S. Mark the Evangelist| Recitation of the Litany of the Saints in Latin Calendar| Daily Meditation| Daily Quote by St Padre Pio| Divine Mercy Reflection
Most of what we know about Mark comes directly from the New Testament. He is usually identified with the Mark of Acts 12:12. (When Peter escaped from prison, he went to the home of Mark's mother.)
Paul and Barnabas took him along on the first missionary journey, but for some reason Mark returned alone to Jerusalem. It is evident, from Paul's refusal to let Mark accompany him on the second journey despite Barnabas's insistence, that Mark had displeased Paul. Because Paul later asks Mark to visit him in prison, we may assume the trouble did not last long.
The oldest and the shortest of the four Gospels, the Gospel of Mark emphasizes Jesus' rejection by humanity while being God's triumphant envoy. Probably written for Gentile converts in Rome—after the death of Peter and Paul sometime between A.D. 60 and 70—Mark's Gospel is the gradual manifestation of a "scandal": a crucified Messiah.
Evidently a friend of Mark (Peter called him "my son"), Peter is only one of the Gospel sources, others being the Church in Jerusalem (Jewish roots) and the Church at Antioch (largely Gentile).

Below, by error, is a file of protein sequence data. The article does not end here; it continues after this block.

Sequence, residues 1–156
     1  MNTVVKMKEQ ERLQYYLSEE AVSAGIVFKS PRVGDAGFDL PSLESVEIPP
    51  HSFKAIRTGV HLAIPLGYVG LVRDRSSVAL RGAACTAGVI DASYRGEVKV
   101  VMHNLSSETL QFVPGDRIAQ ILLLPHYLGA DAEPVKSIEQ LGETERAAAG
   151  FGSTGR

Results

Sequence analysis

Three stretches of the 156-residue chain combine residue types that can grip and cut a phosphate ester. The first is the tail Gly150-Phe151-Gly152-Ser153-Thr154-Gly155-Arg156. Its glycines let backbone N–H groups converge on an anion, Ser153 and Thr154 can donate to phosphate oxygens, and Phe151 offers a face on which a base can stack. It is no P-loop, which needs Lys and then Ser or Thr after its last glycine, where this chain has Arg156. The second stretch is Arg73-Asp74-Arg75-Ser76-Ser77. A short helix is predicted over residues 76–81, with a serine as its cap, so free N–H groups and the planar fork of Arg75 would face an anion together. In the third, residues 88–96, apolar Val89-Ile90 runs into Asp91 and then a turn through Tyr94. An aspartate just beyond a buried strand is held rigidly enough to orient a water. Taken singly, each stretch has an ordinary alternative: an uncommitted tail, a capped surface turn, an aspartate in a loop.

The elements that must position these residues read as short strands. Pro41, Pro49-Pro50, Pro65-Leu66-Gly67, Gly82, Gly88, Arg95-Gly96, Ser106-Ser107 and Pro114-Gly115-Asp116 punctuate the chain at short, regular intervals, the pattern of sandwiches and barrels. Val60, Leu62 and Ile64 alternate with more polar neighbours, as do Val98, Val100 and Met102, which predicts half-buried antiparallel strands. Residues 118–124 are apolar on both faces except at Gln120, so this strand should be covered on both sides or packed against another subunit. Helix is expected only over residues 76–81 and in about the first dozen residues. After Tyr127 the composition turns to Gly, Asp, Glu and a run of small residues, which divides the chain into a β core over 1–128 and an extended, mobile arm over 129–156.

Like one other Gospel writer, Luke, Mark was not one of the 12 apostles. We cannot be certain whether he knew Jesus personally. Some scholars feel that the evangelist is speaking of himself when describing the arrest of Jesus in Gethsemane: "Now a young man followed him wearing nothing but a linen cloth about his body. They seized him, but he left the cloth behind and ran off naked" (Mark 14:51-52).
Others hold Mark to be the first bishop of Alexandria, Egypt. Venice, famous for the Piazza San Marco, claims Mark as its patron saint; the large basilica there is believed to contain his remains.
A winged lion is Mark's symbol. The lion derives from Mark's description of John the Baptist as a "voice of one crying out in the desert" (Mark 1:3), which artists compared to a roaring lion. The wings come from the application of Ezekiel's vision of four winged creatures (Ezekiel, chapter one) to the evangelists.
Mark fulfilled in his life what every Christian is called to do: proclaim to all people the Good News that is the source of salvation. In particular, Mark's way was by writing. Others may proclaim the Good News by music, drama, poetry or by teaching children around a family table.
There is very little in Mark that is not in the other Gospels—only four passages. One is: “...This is how it is with the kingdom of God; it is as if a man were to scatter seed on the land and would sleep and rise night and day and the seed would sprout and grow, he knows not how. Of its own accord the land yields fruit, first the blade, then the ear, then the full grain in the ear. And when the grain is ripe, he wields the sickle at once, for the harvest has come” (Mark 4:26-29).
Patron Saint of:
Litany of The Saints: